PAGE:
Pleistocene - Grayson07

Pleistocene - Grayson07 - D ECIPHERINGN ORTH A MERICAN E...

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DECIPHERING NORTH AMERICAN PLEISTOCENE EXTINCTIONS Donald K. Grayson Department of Anthropology, University of Washington, Seattle, WA 98195 Ernail : grayson@u.washington.edu KEy woRDS: Climate change; Eurasia; North America; Overkill; Pleistocene extinctions The cJebata over the ccruse of' lVorth American Pleistttcene ertinctions may be fttrther .from resolution than it has ever been in its 200-year history and is certainly more heated than it has ever been before. Here, I suggest that the redson .for this mat, lie in the fact that paleontologists have not heeded one of the key biogeographic concepts that they themselves helped trt establish: that histoties of assemblages of species can be understood only be deciphering the historl' of each individual species v,ithin that assemblage. This.failure seems to result.from assumptions frst macle about the nature of the l,{orth American extinctittns during the 1960s. Tupng tS IROBABLY NO ARCIHAEOLOGIST, PALEONIOLOGIST' oR ECOLOGIS1whO iS nOt aware of the debate that rages over the causes of the massive extinctions that occurred in Norlh America toward the end of the Pleistocene. Were they, as some claim, caused entirely by human predation? Or were they, as others argue, caused entirely by clirpate change or, as still others suspect, by some combination of these and/or other factors? This debate has its roots in the late eighteenth century but appears further fiom resolution it did more than a century ago (Grayson re83,1984). I have long participated in this debate, but my goal here is not to take sides (see Grayson 2001, 2006b and Grayson and Meltzer 2002,2003 for recent side- taking). Instead, I wili argue that the debate is not likely to be solved unless we take to heart, and act on, one ofthe prime lessons taught us by historic biogeography during the past 50 years: that understanding the histories ofassemblages ofspecies requires the history ofeach ofthose species to be analyzed on its own. The benefits ofthis approach are clearly shown by contrasts betrveen our understanding ofthe Nofih American losses and the roughly comparable extinctions that took place in Eurasia. The former remain unexplained, but there is only muted debate over the causes ol the latter. Recent advances in understanding Eurasian extinctions provide a research guide for extracting ourselves from the explanatory morass that now characterizes the North American situation. Journal of Anthropological Research, vol. 63' 2007 Copyright iO by The University of New Mexico 185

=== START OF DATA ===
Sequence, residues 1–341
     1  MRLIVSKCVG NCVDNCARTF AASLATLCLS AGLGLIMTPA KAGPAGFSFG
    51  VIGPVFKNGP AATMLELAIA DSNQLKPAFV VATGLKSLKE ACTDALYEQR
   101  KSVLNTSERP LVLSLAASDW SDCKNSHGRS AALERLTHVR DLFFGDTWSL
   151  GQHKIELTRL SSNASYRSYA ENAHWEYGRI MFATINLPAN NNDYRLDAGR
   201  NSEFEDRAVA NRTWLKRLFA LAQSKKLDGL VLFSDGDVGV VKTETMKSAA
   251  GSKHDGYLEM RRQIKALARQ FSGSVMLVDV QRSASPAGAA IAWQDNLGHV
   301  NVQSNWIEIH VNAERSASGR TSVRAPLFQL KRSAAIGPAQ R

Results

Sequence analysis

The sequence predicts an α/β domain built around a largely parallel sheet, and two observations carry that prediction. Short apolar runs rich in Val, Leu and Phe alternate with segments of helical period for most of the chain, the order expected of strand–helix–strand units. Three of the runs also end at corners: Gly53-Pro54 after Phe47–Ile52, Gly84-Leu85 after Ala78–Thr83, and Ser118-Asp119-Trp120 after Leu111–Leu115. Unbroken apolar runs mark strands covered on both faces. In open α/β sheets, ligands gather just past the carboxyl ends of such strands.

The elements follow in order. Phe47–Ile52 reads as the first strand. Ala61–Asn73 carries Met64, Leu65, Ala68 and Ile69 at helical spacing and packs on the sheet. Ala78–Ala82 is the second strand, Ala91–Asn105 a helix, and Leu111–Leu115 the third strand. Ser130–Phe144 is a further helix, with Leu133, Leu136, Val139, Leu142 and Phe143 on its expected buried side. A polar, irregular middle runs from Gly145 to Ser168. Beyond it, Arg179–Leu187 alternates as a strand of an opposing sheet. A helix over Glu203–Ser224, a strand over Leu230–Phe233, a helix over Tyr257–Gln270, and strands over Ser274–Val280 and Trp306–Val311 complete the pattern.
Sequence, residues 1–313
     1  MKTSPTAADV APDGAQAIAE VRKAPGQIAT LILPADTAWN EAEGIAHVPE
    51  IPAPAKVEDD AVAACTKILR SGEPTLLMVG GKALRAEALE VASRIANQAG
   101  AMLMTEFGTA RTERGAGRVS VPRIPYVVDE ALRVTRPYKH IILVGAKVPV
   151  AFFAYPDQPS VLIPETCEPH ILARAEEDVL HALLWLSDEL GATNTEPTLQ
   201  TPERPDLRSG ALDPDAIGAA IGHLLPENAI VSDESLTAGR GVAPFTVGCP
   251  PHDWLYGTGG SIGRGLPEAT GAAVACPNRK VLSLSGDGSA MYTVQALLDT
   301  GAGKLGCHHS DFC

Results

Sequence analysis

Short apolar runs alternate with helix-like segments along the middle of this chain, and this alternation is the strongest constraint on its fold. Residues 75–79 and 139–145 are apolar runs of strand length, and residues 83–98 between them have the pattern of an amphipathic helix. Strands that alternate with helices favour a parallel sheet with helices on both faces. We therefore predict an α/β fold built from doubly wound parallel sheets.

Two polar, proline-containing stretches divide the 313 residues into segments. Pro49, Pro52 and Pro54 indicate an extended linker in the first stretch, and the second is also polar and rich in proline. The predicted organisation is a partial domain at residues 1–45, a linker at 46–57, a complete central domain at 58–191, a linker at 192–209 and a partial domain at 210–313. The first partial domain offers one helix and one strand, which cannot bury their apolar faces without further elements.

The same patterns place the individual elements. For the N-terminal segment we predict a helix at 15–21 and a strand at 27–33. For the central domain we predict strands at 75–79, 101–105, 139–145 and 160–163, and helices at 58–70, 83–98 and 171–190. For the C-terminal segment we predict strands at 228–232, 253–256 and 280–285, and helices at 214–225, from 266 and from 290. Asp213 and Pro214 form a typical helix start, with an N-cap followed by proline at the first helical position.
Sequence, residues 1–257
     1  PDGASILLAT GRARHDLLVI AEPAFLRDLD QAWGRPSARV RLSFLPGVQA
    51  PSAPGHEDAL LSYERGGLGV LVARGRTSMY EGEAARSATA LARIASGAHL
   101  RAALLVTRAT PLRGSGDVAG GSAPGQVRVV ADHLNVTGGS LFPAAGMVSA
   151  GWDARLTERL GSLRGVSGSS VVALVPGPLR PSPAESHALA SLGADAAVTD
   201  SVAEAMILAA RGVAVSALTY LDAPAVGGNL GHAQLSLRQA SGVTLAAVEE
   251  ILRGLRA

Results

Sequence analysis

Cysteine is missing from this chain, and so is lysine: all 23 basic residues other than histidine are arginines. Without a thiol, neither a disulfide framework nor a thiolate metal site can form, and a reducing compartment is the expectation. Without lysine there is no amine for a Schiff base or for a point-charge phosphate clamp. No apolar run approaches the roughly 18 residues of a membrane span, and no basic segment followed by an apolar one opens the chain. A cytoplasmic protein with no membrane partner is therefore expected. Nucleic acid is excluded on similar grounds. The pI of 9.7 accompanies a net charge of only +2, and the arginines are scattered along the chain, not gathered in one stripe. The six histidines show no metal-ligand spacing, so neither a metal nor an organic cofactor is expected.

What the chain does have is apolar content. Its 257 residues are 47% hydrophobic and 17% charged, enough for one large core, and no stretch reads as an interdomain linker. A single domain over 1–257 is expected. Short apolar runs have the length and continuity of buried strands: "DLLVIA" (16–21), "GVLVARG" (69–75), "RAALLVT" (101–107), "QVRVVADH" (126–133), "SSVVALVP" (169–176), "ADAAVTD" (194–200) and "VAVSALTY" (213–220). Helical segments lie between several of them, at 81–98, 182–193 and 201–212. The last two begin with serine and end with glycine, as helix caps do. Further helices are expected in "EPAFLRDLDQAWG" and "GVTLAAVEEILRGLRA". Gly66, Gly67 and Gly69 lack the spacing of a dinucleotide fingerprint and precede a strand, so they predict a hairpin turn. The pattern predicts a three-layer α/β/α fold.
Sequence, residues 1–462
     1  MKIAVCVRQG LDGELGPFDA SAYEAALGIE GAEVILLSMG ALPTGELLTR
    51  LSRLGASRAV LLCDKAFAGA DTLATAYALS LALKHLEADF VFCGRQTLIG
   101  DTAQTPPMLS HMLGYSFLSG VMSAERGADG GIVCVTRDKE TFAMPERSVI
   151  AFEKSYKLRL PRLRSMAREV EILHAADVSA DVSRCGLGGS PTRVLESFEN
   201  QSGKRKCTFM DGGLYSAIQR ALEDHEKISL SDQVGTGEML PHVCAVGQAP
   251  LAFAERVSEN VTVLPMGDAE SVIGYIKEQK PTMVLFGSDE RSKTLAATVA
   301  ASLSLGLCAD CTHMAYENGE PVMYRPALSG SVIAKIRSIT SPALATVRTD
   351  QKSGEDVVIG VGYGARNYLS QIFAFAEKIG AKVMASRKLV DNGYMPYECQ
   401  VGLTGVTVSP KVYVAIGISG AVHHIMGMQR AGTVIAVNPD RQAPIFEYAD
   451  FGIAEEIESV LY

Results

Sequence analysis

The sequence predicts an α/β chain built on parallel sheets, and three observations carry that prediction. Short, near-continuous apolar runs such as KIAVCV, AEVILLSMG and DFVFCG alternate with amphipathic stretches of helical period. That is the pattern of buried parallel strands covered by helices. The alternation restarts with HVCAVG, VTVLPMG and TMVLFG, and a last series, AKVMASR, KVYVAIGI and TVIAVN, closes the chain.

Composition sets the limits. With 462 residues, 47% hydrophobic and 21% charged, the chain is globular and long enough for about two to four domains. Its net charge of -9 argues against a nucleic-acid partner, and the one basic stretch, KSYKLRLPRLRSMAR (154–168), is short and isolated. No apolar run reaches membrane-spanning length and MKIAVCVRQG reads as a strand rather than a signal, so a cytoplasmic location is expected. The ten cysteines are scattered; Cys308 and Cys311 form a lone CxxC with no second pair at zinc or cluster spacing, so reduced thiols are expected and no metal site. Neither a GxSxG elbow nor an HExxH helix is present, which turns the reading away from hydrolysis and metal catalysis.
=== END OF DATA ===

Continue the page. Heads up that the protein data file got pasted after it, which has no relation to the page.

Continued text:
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This note was uploaded on 10/22/2010 for the course ASB 326 taught by Professor Falconer during the Fall '08 term at ASU.

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Pleistocene - Grayson07 - D ECIPHERINGN ORTH A MERICAN E...

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